The new “light touch regime” – Articles 74 to 76/Regulations 74 to 76
This procurement byte looks at the provisions in the Directive (2014/24/EU) and the Public Contracts Regulations 2015 covering the new “light regime” for social, health and other specified services.
Under the 2004 Directive and 2006 Regulations, services were classified as either “Part A” services, which were fully regulated, or “Part B” services, which were only regulated lightly. The new Directive/Regulations abolish this concept. All services are subject to full regulation unless they fall within the list of services which are subject to a new “light touch regime”.
The new light touch regime requires contracting authorities to advertise contracts for light regime services, worth €750,000/£625,050 or more, in the OJEU. The way in which the procurement process is run is not regulated in detail in the Regulations. Member states are required to implement their own rules on procurement processes for light regime contracts, subject to complying with transparency and equal treatment principles and some other limited provisions explained below.
Light touch regime services are listed in Schedule 3 of the Regulations. In practice the list of services covered by the “light touch regime” looks very similar to the list of Part B services. There are, however, some services which were Part B services but which are now fully regulated and so you have to check the list very carefully.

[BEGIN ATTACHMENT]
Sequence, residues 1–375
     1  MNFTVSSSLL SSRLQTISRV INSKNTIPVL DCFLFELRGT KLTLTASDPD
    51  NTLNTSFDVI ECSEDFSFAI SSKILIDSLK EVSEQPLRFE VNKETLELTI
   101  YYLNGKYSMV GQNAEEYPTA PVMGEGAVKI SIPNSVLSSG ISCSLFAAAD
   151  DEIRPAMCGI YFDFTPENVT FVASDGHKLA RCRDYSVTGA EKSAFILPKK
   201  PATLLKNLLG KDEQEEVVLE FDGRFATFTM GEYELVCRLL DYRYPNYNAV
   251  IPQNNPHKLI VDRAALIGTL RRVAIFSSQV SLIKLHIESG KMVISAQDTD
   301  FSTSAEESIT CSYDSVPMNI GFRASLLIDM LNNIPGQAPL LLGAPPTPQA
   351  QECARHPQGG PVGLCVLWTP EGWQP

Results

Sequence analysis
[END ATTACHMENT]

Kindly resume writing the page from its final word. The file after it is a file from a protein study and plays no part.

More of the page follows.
As mentioned earlier, the threshold is €750,000 (£625,050). The value of the contract must be calculated in accordance with the general rules applying to all public contracts which are set out in Article 5/Regulation 6. The equivalent value in £ is fixed until 31 December 2015 and will then be revised along with the other financial thresholds.
Light touch regime contracts at or over the threshold must be advertised in the Official Journal of the European Union (OJEU), using standard form notices. All contracting authorities may use either a Contract Notice to advertise in the OJEU or an enhanced Prior Information Notice, which can be published a year or more in advance and which can cover multiple contracts. (see Byte size procurement update 2 for more information on using a PIN as a call for competition).
The standard form notices must contain the information listed in the Directive at Annex V Part H (contract notice) or Part I (PIN as a call for competition).
Part 4 provisions also apply and so contracting authorities also need to comply with the obligations to publish information on Contracts Finder.
The Directives do not specify what procedures apply as this is left to individual member states to decide.
The Regulations do not oblige contracting authorities to use one of the standard procedures for award of contracts, such as the open or restricted procedure, although contracting authorities are free to use and adapt those procedures if they wish (Regulation 76(7)).
Contracting authorities may use other procedures which they devise themselves, subject to a limited number of requirements which are set out in Regulation 76(3) and (5). These are: